The LEGO Movie 2: The Second Part
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Brief Encounter adds a small but valuable gem to the Lean filmography, depicting a doomed couple's illicit connection with affecting sensitivity and a pair of powerful performance.
All Critics (41)
| Top Critics (7)
| Fresh (37)
| Rotten (4)
| DVD (4)
One of the most vivid, impassioned and painfully believable love stories ever committed to celluloid.
Sheer perfection-the gold standard of tragic romances whose influence can still be seen to this day.
Cyril Raymond manages to invest the stodgy character with a lovable quality.
Rarely rises above the level of the old women's magazines.
A classic of passionate reserve.
Some films don't age well, and no doubt Brief Encounter had more of an emotional effect in the social climate of post-war Britain.
...captures roiling emotions with elegant panache.
This is a poet's film, harsh, cruel and lovely. There have been few better British films than Brief Encounter even at a time when our studios are taking their place in the vanguard of this great contemporary art.
Lean's sad, buttoned-up account of unconsummated love is about all of us and our cautious natures.
Brief Encounter makes an illicit love affair more than that, giving the doomed romance more of a soul than a thousand tragic romances since then.
Romance and goodness are evoked with equal power and from these conflicting impulses, voluptuous demons spring eternal.
The leads are outstanding, but credit should also go to the forgotten Cyril Raymond, whose decent dullness as Johnson's husband makes those stolen Thursdays seem so special.
A delicate and tearful romance that offers a surprisingly honest look into extramarital love considering when it was made, my sole objection being intrusive scenes involving secondary characters which interfere sometimes with the focus and tone of the main plotline.
Boring. I just didn't care for the relationship or the characters. There's also no story, just multiple scenes of the romance developing (I guess you can call that the story, an uninteresting one at that. Only for romance fans). The movie's running time is less than 90 minutes, but trust me, it feels as if it's over two hours. It never goes anywhere interesting thus making it a dull film.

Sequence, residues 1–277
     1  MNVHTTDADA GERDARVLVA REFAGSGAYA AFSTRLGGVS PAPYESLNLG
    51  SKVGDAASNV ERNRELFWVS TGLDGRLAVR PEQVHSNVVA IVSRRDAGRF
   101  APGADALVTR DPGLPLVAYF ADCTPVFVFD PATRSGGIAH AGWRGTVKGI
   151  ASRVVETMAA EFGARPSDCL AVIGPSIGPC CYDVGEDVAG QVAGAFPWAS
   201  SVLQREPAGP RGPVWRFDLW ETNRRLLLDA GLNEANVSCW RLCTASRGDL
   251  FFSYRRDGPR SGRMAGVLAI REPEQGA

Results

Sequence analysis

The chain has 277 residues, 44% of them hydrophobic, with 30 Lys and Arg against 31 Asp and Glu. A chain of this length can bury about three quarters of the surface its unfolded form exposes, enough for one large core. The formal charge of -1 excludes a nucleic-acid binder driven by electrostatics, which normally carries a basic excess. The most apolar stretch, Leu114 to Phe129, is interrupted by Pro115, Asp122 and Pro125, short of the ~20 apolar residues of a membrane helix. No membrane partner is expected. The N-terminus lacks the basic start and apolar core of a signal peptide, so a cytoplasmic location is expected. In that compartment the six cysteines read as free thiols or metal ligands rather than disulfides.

Two strangers meet in a train station waiting area, both happily married yet magnetically drawn to each other in spite of that. David Lean's adult question, set to Sergei Rachmaninoff's yearning 2nd Concerto, simply wonders what we may want once we have everything we want and has endured for its grown up (if dramatic) consideration of the same.
This is one of the most gorgeous films of the forties, adapted from the play by the prolific Noel Coward; Brief Encounter is one of the more taboo films from that era. Other films that came after it were far more fastidious in their rendering of the sexual aspect to these clumsy affairs, but this film is far more psychological, directing much of the film's emphasis on the emotional toll of lying to yourself and your loved ones. This simple tale is a familiar one to us all: two married people meet and fall in love unexpectedly. The film covers the trials and rollercoaster of denial, adoration, and admonishment that comes with having an affair and not knowing it. The two leads (Broadway legends Celia Johnson and Trevor Howard) act as if they were still on the stage, their facial expressions, the way they hold one another, the way they carry themselves in these desperate times, really spoke volumes about the way the characters interacted with each other. None of the other minimal characters attributed to this film truly matter, not even their significant others. The reason this film works while retaining the same concept we've seen time and again is that there is a level of devotion and attraction not seen in other films. These two don't want to be unfaithful to their spouses. They were perfectly happy with their small lives, eating in the same tea rooms, watching films in crowded theaters, and going home on their respective evening trains, but just a flicker of hope rose between them over time. Laura (Johnson) right away feels the inert danger of seeing a man who isn't her husband, and even confesses to seeing this man the first time they meet, but her husband doesn't see anything the matter and so she is assured that she isnâ(TM)t doing anything wrong. Then over time they start wanting to not be seen together by friends, finding ways to be intimate in the ways they spend their time together, and eventually they can't contain their feelings for one another and express their passion by way of kissing. Director David Lean explores the fact that love is never wrong, while expressly stating that the characters believe the exact opposite. Eventually their small, compact world is torn away from them, and the loss that Laura goes through with his departure, the fact that they never truly get to say goodbye and will never again say hello, is such a bitter and hollow pill to swallow. With the interesting ways this is shot, the texture and feel of this beautiful film and the use of black and white to bring out Johnson and Howard's performances was perpetually brilliant. Just a classic love story unparalleled in this day and age.
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